Cage sizes and security guidelines.





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Depending on the species of bird you own, you should look at the space between the bars and make sure your little birdie doesn’t make a guillotine out of its cage. Think of your new bird as a Houdini-wanna-be. Make sure that the latches are secure and that the bars are strong enough to contain his prying beak...and body.

Here are some minimum cage size requirements and the recommended bar spacing for the species we breed.
Type of Bird Minimum Cage Size (width x height) Bar Spacing


1/4 to 1/2"
Green Cheek Conure/Crimson Bellied Conure 24"x24"x30" 5/8"
Pionus 24"x24"x36" 5/8" to 3/4"
Timneh African Grey   5/8" to 3/4"
Congo African Grey/ Eclectus


3/4" to 1"

Put your bird’s cage in a well lighted room (not direct sunlight). Your bird should have plenty of sunlight and outside air. Vitamin D is essential for the absorption of other nutrients. We have a screened in porch and our birds love to be out there! Mom always says that she hopes my Grey’s talking and noises will attract Grey’s that are loose while she’s outside on the porch. "But then", we joke, "does she make any Grey noises???" Every noise she makes is an imitation of…something :) Wherever you decide to place your little bird’s daytime abode, your bird will want to be with you, so make sure you put their house where they can see you a lot. Click here to learn about making your home bird friendly.

We switch our bird's cages around a lot so that they do not get territorial. PLEASE read on the wonders of sleep cages.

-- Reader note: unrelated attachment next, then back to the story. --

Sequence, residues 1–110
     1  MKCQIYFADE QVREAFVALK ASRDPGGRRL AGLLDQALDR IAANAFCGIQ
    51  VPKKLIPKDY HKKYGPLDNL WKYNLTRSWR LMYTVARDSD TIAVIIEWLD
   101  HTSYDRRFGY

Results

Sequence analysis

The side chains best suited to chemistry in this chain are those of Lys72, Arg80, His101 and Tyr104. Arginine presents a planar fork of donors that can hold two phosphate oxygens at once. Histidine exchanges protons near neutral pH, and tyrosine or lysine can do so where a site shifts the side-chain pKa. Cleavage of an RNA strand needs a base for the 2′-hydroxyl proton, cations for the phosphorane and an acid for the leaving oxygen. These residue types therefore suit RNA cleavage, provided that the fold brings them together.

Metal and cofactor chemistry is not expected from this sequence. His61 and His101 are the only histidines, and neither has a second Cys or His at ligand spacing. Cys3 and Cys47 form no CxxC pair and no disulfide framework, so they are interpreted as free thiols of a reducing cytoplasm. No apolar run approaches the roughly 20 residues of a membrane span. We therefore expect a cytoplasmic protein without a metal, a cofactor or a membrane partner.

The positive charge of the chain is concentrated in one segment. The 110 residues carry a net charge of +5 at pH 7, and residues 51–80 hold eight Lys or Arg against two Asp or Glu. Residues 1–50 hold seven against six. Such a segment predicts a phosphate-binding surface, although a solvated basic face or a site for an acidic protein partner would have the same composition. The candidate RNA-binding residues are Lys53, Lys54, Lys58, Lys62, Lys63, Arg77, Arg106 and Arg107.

If you have a screaming bird, having an outside cage is a wonderful idea! We have a Blue Crown Conure who used to scream. We put her in a cage on the porch by the door we were constantly running in and out of. She soon learned that her screaming got her no where...we would still keep running right by!!! This bird is still in our home, and does a flock call, but does not call in the middle of the day.

A bird's cage is his/her house. Make the cage big enough so that the bird is comfortable. When I first saw parrot cages, I was astounded by the number of toys in their cages. Now, I understand that those toys are also equivalent to their foliage and can help them feel safe in their cage. Click here to learn more about the safety of toys.

A big concern for me with cages is that IF the cage has bowl holders built into the cage, that those bowl holders should always hold a bowl, even an upside down bowl if the person doesn't want anything in the bowl...because leaving cage bowl holders empty is a serious hazard for the birds. The birds WILL try to crawl into those bowl holders and end up breaking a wing or leg or worse.   is an online site for cages. Based here in Phx.   is a Phoenix cage dealer


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